3. #23
    Larry hasn't posted in over a week...
    Originally Posted by littlelady View Post
    I just reported you. You are one scary individual.

  4. #24
    Registered User warneckutz's Avatar
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    Fuels the gym workouts... Can't get by on pop songs and and the snooze-fest from classic rock. Heavy Metal all the way.
    Listen to me now, and believe me later: it doesn't matter how much you pump up those muscles, as long as you reach the full pumptential.

    It's not 'roids but thanks for noticing...

  5. #25
    Quote Originally Posted by warneckutz View Post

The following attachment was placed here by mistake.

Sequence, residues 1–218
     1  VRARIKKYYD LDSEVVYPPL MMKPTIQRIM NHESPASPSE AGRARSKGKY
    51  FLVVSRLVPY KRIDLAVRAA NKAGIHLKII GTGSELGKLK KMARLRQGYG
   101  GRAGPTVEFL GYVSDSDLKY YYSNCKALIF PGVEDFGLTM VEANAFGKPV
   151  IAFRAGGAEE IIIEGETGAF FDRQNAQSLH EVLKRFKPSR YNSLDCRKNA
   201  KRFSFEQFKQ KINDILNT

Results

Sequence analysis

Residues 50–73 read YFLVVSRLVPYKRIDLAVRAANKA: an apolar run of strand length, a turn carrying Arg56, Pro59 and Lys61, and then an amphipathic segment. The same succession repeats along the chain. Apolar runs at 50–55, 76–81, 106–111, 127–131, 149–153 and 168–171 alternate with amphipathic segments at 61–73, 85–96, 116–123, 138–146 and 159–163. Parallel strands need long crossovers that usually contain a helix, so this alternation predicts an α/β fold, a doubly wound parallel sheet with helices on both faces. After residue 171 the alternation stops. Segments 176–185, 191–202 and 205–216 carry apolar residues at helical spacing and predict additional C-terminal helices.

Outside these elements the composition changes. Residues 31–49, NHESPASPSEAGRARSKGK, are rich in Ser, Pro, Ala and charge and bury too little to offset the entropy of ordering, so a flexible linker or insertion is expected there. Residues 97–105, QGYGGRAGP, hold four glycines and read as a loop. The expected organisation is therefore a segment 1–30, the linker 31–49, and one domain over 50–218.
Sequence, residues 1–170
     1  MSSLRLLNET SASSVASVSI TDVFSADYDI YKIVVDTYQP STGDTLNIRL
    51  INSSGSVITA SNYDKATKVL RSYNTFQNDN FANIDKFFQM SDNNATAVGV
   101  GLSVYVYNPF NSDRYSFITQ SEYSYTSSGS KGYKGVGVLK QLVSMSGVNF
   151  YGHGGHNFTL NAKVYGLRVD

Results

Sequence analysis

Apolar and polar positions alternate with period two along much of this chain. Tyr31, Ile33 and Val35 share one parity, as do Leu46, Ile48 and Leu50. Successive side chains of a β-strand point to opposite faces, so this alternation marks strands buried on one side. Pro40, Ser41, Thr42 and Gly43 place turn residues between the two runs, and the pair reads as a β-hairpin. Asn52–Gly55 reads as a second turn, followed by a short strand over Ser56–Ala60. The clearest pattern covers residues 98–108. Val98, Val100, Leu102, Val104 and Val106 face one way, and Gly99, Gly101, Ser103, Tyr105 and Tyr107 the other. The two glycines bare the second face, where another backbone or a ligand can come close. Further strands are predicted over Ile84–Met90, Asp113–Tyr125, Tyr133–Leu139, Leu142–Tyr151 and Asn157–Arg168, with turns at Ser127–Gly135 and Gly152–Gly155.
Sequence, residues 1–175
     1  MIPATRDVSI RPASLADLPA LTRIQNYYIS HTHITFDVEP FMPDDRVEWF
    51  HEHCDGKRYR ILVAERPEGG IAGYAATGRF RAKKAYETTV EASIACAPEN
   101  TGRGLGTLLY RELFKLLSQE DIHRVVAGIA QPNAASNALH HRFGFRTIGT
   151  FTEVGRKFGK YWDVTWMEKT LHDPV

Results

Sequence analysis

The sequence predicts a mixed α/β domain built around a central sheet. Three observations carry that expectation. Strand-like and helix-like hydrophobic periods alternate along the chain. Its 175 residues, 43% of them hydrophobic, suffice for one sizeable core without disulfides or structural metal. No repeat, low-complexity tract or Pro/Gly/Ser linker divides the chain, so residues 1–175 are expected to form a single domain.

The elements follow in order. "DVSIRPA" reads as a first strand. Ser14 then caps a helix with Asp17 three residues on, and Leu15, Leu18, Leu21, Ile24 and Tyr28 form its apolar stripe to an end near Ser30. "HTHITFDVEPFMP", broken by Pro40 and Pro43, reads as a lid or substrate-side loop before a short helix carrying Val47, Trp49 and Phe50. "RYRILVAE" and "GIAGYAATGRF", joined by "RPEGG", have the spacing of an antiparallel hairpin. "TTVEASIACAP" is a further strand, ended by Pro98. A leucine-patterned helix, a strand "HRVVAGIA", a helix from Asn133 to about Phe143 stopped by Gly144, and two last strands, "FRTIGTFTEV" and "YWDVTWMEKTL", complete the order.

Fuels the gym workouts... Can't get by on pop songs and and the snooze-fest from classic rock. Heavy Metal all the way.
    I don't know, man... MmmmmBop was my "go to" song for Body Pump class...
    Imagine how much better America would be if you would simply don a pair a pants before sitting down at your Playskool My First 'Puter.


    LibertyBeacon

  6. #26
    Splat Toxick's Avatar
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    Quote Originally Posted by Larry Gude View Post
    I recently read a link that some people perceive and feel music far more deeply than others. It will literally give me goose bumps and overwhelming sense of well being, euphoria, feeling like I can leap tall buildings with a single bound. Seems that is not everyone or even close to it. Even when it's not making me high as a kite, it soothes me, provides an ongoing soundtrack to events throughout my day, is a constant presence. I dream music. It's been this way since I was 8 or so and has only gotten better with age.